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Serica

Serica, the land of the Seres, was the name by which the Ancient Greco-Romans referred to a country in Eastern Asia. The Ancients' knowledge of this nation was indistinct and often distorted by the wildest fables and myths, though Ptolemy and Pliny the Elder present a description which is tolerable in its scope and detail. Serica was explained by Ptolemy as bordering Scythia extra Imaum or "India beyond the Himalayas" on the West, Terra Incognita to the North-East, the Sinae or Chinese to the East and by India to the South. India in Antiquity, as for all of Western history until the Early Twentieth Century, was a broad geographic toponym which embraced all of the Indian subcontinent, Indochina and the Malay Archipelago. Most modern geographers assert that the position of Serica would nowadays be situated in the North-Western section of the People's Republic of China in Xinjiang province.

The Description of the Ancient Authors and Ethnicity

Before we hear of the country Serica, many ancient authors mention the people the Seres, the manufacturers and distributors of the precious material silk. Some geographers believe that the Greco-Romans denominated the Chinese when approached from the Pacific Ocean as Sinae, whereas when reached from the Asiatic steppes they were called Seres. Others contend however, that the Sinae were the Ancient Chinese while the Seres were an assimilated melange of Indo-European and perhaps Turkic people who had formed a loose confederacy and dealt with the Indians, the Chinese and through the Parthians and later the Sassanid Persians, the Romans as well. The descriptive accounts inscribed by Pliny do intimate to us that the Seres were indeed a "Caucasoid" people and whereas some tribes did cohabit with them, they did not constitute the distinguishing strain of the nation. This opinion is substantiated by the portrayal of the Sericans written by Pausanias, which assorts them as being the mixed offspring of the Scythians and the Indians, both Indo-European peoples. Further, in the early 19th Century the celebrated German explorer, cosmographer and natural philosopher Alexander von Humboldt postulated from his researches that, as with the present (both his and ours), Central Asia contained a mixed population of doubtful origin. He specifically cited the Massegetae tribe north of the Oxus River as a Mongolic people cohabiting with the Indo-European Sogdians, Bactrians and Indians (See: Fragments de géologie et de climatologie asiatiques (2 vols. 8vo, 1831), and in central Asia (3 vols. 8vo, 1843). The Serican physiognomy is described as being of extraordinary size, with blue eyes, red hair, a rough voice and a body quite unfamiliar with infirmity or contagion. The final characteristic, most likely the wistful hyperbole of the Mediterranean writer, is probably drawn from the fame of the region's salubrious climate. Once again it is tempting for the modern geographer or ethnologist to correspond the Seres with any number of patently Indo-European tribes with fair complexion enumerated and described by the Ancient Chinese authors. That the description of the Mediterranean authors pertains to an Indo-European people is evident, though the precise extent of Mongolic admixture into the nation has yet to be satisfactorily ascertained or theorized.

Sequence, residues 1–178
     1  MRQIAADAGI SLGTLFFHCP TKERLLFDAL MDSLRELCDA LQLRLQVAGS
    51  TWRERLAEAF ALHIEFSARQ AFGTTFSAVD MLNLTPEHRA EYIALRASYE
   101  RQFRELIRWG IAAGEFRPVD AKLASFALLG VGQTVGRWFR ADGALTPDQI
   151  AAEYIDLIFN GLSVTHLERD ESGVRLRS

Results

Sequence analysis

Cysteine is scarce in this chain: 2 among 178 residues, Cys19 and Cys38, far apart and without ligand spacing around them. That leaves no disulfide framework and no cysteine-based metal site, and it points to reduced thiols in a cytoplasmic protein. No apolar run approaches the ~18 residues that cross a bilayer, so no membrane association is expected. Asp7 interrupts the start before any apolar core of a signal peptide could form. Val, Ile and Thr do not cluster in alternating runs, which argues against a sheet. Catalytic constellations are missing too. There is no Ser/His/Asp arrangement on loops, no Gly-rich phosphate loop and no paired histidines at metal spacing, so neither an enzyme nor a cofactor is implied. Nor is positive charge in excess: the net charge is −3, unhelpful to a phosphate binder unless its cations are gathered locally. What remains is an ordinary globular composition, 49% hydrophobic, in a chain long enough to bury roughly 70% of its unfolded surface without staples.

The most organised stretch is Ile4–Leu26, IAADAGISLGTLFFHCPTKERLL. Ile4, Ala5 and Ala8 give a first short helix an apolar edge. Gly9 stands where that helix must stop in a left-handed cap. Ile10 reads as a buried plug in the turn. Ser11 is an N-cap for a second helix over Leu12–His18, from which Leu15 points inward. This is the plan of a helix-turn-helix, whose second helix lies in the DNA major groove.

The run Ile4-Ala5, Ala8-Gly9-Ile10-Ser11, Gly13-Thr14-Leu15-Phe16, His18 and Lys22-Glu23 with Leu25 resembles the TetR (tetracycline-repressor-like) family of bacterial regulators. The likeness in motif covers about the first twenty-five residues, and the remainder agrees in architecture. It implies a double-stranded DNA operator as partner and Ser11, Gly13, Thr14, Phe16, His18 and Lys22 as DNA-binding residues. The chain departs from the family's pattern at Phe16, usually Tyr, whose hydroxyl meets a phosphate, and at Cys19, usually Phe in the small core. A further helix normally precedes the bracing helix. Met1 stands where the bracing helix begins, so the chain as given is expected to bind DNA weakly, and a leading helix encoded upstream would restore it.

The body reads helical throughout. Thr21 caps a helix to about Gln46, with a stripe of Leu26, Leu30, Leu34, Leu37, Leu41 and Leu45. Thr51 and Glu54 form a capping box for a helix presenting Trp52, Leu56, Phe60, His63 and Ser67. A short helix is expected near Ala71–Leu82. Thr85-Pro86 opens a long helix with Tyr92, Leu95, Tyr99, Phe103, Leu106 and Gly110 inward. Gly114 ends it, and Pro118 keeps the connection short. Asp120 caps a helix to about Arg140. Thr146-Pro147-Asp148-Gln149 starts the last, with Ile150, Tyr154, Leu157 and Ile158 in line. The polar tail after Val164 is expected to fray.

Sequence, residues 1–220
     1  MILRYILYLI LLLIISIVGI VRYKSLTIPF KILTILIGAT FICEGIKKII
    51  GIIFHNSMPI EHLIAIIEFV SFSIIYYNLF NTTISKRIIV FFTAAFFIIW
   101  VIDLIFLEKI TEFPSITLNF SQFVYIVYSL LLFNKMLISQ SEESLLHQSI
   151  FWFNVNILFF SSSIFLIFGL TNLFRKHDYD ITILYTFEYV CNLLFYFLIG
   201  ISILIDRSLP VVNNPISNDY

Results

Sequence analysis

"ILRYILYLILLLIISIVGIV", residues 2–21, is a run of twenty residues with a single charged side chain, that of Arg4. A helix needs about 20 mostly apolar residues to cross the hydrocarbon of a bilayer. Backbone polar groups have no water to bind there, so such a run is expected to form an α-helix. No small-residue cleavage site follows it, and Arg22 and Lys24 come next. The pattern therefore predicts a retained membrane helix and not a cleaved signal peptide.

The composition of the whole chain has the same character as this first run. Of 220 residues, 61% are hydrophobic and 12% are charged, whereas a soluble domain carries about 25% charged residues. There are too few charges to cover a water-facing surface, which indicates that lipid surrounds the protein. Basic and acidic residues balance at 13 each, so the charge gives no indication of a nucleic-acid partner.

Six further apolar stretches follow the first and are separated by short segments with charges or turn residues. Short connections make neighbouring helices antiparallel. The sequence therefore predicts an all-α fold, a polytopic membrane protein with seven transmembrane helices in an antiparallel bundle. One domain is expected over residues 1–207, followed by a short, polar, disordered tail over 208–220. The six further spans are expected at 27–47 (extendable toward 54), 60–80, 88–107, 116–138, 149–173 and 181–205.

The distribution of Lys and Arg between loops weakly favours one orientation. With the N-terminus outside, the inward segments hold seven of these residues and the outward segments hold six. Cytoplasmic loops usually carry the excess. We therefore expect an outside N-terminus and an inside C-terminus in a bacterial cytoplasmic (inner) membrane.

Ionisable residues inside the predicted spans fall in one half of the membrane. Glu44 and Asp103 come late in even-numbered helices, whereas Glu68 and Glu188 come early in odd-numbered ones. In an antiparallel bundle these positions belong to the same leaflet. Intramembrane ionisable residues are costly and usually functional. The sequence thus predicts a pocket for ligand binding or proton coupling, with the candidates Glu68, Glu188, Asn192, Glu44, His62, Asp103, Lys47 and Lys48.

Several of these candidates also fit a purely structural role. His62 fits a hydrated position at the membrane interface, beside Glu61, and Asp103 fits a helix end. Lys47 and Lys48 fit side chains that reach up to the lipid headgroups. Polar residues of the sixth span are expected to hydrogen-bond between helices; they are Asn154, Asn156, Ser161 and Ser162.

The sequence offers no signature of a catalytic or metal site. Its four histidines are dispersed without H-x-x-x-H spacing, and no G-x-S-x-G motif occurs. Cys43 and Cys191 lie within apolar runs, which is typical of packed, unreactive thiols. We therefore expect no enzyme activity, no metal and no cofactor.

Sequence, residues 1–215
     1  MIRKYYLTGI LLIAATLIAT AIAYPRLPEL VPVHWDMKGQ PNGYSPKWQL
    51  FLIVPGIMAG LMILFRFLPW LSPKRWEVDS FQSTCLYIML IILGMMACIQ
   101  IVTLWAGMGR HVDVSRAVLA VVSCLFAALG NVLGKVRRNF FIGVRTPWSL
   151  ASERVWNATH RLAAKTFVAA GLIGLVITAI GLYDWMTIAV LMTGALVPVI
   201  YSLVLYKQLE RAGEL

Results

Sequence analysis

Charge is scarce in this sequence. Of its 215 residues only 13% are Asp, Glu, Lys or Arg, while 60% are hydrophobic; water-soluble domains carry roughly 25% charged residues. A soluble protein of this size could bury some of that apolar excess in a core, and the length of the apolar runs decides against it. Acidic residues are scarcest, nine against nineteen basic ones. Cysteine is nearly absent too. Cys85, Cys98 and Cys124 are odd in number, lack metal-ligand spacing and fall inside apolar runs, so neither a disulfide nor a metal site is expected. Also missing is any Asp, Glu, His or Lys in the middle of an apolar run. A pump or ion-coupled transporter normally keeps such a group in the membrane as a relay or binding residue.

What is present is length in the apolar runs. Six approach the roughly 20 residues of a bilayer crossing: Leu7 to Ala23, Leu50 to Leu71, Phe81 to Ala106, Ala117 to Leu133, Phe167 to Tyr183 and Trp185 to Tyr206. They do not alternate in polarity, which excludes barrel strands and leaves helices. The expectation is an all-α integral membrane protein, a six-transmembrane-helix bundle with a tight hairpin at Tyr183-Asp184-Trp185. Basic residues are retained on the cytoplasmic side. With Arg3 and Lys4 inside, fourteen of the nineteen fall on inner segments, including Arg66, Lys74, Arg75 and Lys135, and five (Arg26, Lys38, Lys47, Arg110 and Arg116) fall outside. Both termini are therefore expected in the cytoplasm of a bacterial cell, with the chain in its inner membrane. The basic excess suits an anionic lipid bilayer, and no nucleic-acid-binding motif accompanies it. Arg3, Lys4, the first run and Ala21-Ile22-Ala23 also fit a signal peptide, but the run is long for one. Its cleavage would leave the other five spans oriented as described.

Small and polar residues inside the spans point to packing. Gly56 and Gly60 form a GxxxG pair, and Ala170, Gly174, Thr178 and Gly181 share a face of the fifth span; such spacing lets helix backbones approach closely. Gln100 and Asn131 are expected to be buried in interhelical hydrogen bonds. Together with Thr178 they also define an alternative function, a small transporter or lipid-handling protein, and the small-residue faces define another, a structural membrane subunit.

Physical Geography and Economy